Voice of the Industry

Navigating the evolving future of payments (part two)

Monday 8 March 2021 08:47 CET | Editor: Vlad Macovei | Voice of the industry

Vivek Kohli, Emerging Technology Head, Treasury Services Digital Office, BNY Mellon, examines how digital currencies are developing, their potential impact on the industry, and how banks can adapt to the evolving landscape

Digital currencies could change the future of payments, revolutionising how we look at settlement speed, liquidity, reconciliation, and risk.

Banks are increasingly leveraging emerging technologies to make domestic and cross-border transactions faster, more frictionless, efficient, and cost-effective. As a result, the payments industry is moving ever-closer towards a 24/7/365, instant, and fully transparent future. Yet, with a range of innovations occurring at pace, there seems to be no single solution or fixed route to arriving at this destination. 

Digital currencies represent one part of this journey – and ultimately have the potential to transform the entire payments landscape, not least because of their extensive application.

Due to its token-based nature, it can be held in a transaction and be transferred directly, instantly and on a peer-to-peer (P2P) basis, irrespective of the value. The attraction comes from the ability to settle payments without the involvement of any third-party intermediaries, creating an entirely new processing model for payments. There are also implications for risk management, liquidity management and correspondent banking strategies.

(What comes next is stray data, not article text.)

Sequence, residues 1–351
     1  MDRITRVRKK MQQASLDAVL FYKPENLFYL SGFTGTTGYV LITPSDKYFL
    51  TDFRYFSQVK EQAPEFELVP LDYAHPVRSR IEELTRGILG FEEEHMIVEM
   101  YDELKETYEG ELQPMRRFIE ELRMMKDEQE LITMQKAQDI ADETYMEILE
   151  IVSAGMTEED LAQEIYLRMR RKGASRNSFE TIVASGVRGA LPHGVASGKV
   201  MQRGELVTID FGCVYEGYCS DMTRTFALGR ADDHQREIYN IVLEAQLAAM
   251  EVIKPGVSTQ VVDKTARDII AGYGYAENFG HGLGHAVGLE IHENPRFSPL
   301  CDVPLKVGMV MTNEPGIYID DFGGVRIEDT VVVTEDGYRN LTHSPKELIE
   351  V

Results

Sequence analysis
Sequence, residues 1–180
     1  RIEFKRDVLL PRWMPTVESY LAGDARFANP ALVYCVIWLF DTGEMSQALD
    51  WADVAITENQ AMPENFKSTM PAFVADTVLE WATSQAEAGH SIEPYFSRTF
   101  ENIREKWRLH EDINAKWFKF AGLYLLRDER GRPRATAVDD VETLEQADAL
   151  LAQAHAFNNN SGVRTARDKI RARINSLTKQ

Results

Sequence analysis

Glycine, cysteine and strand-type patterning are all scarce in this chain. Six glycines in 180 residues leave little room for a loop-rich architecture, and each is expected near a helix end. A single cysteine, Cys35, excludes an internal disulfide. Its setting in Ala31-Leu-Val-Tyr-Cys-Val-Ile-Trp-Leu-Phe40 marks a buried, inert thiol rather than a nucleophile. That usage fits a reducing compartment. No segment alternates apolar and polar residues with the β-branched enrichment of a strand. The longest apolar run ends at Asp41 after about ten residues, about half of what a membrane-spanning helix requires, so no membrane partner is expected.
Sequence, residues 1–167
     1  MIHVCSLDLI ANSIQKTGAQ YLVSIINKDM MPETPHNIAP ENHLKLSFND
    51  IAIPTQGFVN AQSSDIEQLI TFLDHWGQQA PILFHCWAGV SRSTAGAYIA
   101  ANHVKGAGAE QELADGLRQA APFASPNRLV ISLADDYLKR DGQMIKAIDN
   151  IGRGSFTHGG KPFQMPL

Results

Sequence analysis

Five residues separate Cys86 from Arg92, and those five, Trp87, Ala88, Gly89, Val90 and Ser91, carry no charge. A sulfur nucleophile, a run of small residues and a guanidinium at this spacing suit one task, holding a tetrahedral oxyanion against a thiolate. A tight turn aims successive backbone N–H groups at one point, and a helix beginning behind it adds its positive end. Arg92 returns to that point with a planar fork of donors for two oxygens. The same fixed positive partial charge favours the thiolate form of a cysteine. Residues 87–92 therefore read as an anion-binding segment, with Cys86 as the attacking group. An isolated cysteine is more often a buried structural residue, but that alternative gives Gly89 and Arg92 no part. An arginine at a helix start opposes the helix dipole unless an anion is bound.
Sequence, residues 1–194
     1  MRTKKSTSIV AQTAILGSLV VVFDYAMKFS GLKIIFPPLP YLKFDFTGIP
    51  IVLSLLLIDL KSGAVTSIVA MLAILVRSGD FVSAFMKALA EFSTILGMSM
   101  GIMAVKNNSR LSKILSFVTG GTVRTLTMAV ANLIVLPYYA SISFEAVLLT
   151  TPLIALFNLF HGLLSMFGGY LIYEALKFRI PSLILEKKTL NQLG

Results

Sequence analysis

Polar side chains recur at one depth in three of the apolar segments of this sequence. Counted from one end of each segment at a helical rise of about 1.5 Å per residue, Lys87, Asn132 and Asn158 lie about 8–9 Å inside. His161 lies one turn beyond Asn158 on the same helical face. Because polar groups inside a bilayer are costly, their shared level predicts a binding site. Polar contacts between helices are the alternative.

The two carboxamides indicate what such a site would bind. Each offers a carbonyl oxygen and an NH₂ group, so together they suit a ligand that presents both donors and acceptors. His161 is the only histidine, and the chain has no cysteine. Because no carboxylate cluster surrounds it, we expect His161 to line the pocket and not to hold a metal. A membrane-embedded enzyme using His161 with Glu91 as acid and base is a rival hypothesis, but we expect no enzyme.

So, what does the road ahead look like for digital currencies, and how will banks adopt them into their wider offering of solutions? 

A new world

Digital currencies, which are built on distributed ledger technology (DLT), can be split into three distinct categories: cryptocurrencies, central bank digital currencies (CBDCs) and stablecoins. 

Cryptocurrencies – including Bitcoin and Ethereum – have gained public traction in recent years. Most governments, central banks and financial institutions (FIs) are, however, wary. While the potential of cryptocurrencies is undeniable, their highly volatile prices, limited scalability, complicated user interfaces and issues with governance and regulation (since their supply is not linked to a central bank) challenges their stability in the long-term. 

CBDCs are digital fiat currencies issued and monitored by the central bank of a region or country. They bring improved security and visibility through DLT technology, and as well as enabling faster payments and enhanced monetary control. Despite these benefits, the implementation of most CBDCs remains a long way off, not least because several fundamental questions, including how they might impact monetary policy and traditional banking business models, are yet to be answered.

Stablecoins are something of a mix between cryptocurrencies and CBDCs. Sharing many features of cryptocurrencies, but without their high levels of volatility as they are linked to a pool of assets. This makes stablecoin more inviting as a method of payment and source of value and, as a result, it is growing in popularity.

Many central banks, FIs, and fintechs are involved in various digital currency projects, with the industry working towards a common goal: to create financial market infrastructures (FMI) centred on DLT. 

A potential path

The future of payments will involve some – or multiple – forms of digital currency and stablecoins could be the first digital currency to revolutionise the payments space. Certainly, stablecoins could play an important role in cross-currency FX swaps, securities settlement and even cross-border payments.